NIGHT DIVER RESCUED AT PORT NOARLUNGA, SA
Oksana knew when she stepped out of her car on Monday evening that something didn’t feel right. It had been a long day already, and a long drive to Port Noarlunga for her very first night dive. The sun was setting and the surface conditions looked dark and choppy – not unusual for the Noarlunga reef but not what she was used to.
But in spite of feeling uneasy, she met her PADI advanced course mates, geared up, jumped into the ocean from the jetty platform and started her descent.
Some three hours later, SA Sea Rescue Squadron picked her up drifting in the ocean near O’Sullivan’s Beach, over 2km north of the Noarlunga reef and 1km offshore.
This story is about an experienced diver who ran into trouble on what should have been a straightforward training dive. There are lessons here that Oksana believes are important to share.
Oksana is a nurse well trained in trauma care who has lived and worked internationally for most of her career. While based in Libya 20 years ago, she learned to dive with BSAC, logging over 100 dives in the Mediterranean. After moving to the UK, she continued to do a little dive travel but eventually let her diving lapse. And then she came to South Australia, where she decided to start diving again.
She took a refresher course, insisting on both a comprehensive pool session and an ocean dive. After logging another 20 dives, she invested in her own gear and signed up to do an advanced course so that she could experience some of the deeper dives that South Australia has to offer.
However, despite her experience, she had never done a night dive.
That particular evening, the swell was over one metre combined with 24 km/h winds. Divers who frequent Noarlunga are familiar with the “washing machine” effect that these conditions can create at and below the surface near the reef. But Oksana wasn’t used to such conditions, and was uncomfortable with jumping into choppy waters off a jetty platform. All her previous experience in the Mediterranean had been shore diving – easy swims out to drop offs, returning the same way. To add to her anxiousness, she had not settled on the weight that she would need with her new gear.
She started her descent and found she was struggling to stay down. She surfaced and tried several more times to rejoin her buddies, able to follow their lights but unable to get to, or stay back down with them. She finally decided she would have to abort the dive. But by then, the swell and current had taken her some distance along the reef away from the jetty stairs.
She considered swimming back to the jetty but as a shore diver, she thought she might have better luck going in to shore. But the swell and wind were increasing, and the currents were taking her further away. Eventually she realised she would simply have to drift with the ocean, waving her torch in the hopes that she would be seen and rescued.
Back at the reef, her buddies went into their own rescue mode for a missing diver: they checked around the bottom – no luck; surfaced and looked for her — no luck; swam back to the jetty, climbed the stairs and only then were they able to spot her light in the distance. SA emergency and SA Sea Rescue were called immediately, executing a successful boat rescue, but only after searching for Oksana on the surface for quite some time.
Oksana’s experience was a classic case of task overload — dealing with a general feeling of unease at the start, training for a new skill, challenging surface conditions and a new gear setup. Any one of these factors could have been managed, but all four at the same time led her into a crisis situation. Matters were complicated by the fact that she had left her SMB (surface marker buoy) in her car, making it harder to spot her at the surface. She also had no backup torch, but fortunately the batteries lasted just long enough in the one she was carrying.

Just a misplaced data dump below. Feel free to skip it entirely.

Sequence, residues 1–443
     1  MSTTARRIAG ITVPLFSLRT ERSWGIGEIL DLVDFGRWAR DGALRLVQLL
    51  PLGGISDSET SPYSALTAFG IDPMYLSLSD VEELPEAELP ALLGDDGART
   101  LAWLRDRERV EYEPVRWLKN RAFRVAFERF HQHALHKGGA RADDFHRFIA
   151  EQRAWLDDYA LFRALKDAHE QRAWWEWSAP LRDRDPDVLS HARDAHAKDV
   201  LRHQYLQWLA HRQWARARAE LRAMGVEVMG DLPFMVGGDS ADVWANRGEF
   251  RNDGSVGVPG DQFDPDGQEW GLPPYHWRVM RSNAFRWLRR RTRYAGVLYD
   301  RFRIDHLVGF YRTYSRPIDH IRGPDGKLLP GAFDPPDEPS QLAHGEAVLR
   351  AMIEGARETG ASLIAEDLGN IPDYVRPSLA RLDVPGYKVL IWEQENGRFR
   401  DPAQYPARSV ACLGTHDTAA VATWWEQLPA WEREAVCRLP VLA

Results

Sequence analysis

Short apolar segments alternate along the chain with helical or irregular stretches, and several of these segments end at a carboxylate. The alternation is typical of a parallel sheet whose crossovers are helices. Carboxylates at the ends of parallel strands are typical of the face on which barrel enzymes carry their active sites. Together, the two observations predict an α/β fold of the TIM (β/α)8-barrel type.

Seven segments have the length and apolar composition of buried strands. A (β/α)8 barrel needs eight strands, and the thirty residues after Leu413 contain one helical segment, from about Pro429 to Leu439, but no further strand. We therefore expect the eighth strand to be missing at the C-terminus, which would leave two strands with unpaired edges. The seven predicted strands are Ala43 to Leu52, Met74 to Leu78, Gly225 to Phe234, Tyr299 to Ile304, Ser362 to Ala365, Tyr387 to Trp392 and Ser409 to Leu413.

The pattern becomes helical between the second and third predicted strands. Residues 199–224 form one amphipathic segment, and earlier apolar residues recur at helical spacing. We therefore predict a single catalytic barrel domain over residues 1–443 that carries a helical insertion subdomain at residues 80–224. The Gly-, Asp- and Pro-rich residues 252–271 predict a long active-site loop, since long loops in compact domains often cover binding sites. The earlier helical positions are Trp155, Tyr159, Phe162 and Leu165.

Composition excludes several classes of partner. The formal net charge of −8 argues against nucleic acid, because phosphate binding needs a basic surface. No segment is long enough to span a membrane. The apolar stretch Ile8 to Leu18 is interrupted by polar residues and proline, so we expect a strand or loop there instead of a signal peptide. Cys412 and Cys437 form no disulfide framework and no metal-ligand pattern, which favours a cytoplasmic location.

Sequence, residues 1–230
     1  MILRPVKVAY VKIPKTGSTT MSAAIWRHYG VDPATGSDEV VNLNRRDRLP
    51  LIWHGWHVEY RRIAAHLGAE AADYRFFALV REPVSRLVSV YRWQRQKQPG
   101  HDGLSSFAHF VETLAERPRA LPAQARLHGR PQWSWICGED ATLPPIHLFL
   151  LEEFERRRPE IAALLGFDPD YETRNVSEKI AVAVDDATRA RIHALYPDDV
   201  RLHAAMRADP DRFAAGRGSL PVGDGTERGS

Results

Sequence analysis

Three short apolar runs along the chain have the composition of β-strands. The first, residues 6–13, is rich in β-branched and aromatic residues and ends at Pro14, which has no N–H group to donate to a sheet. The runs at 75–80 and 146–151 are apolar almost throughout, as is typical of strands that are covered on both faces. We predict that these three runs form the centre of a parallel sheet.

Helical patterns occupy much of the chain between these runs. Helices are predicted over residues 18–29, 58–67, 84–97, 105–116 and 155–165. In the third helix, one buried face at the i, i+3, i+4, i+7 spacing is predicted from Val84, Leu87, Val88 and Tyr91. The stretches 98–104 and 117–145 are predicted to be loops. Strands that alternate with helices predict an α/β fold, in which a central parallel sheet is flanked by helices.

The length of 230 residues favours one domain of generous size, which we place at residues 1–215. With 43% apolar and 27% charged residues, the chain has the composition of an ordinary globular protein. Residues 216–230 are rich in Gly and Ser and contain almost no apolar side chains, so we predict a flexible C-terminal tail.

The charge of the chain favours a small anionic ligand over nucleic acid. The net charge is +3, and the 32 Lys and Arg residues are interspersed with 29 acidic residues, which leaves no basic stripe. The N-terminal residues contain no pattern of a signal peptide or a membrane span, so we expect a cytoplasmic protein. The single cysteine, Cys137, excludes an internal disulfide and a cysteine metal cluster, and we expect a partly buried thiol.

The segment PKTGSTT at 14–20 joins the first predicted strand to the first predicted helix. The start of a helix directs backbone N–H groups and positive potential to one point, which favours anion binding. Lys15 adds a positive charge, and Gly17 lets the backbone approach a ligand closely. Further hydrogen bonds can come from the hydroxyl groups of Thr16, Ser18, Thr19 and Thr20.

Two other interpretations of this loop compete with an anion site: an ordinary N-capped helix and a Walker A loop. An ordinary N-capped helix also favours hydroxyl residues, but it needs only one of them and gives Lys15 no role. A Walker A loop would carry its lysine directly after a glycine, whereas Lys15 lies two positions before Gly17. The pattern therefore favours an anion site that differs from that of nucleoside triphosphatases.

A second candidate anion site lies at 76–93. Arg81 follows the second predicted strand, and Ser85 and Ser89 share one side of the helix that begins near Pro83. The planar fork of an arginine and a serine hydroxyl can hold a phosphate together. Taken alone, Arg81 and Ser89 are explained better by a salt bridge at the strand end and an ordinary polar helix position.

So what can we learn from Oksana’s situation?
She strongly advises that everyone should pay attention to how one is feeling at the start of any dive. If you aren’t up for it, there is no harm in telling your buddies that it’s a no go for you. You should become very comfortable with any changes in your gear before taking on a new experience, whether it’s a new course or a more challenging dive. Even a simple switch to a thicker wetsuit can affect your diving performance underwater. And make sure you have your emergency tools with you at all times.
Oksana didn’t have her SMB but she did have her snorkel, which probably saved her from taking in too much seawater at the surface when her air ran out. On night dives, be sure to carry a backup torch just in case. Finally, discuss an exit strategy with your buddies – if you have to abort a dive, make sure you all know the best places to return to on the surface, whether it is the boat, the jetty or shore.
It is believed that at least ten divers have died on the reef at Port Noarlunga since the first recorded diving fatality in 1951. This latest incident is a sober reminder that although the site is popular, easily accessed and relatively shallow, divers should not underestimate the risks involved with different levels of experience, weather and water conditions, and should be adequately prepared for emergencies.
After a couple of nights in hospital to make sure her lungs were clear of the effects of the salt water, Oksana has recovered. She is determined to go diving again – although it may be a while before she tries another night dive.
Article Written by Heather Creech of Scuba Divers Federation of South Australia
Photo Credit: Chelsea Haebich & Oksana
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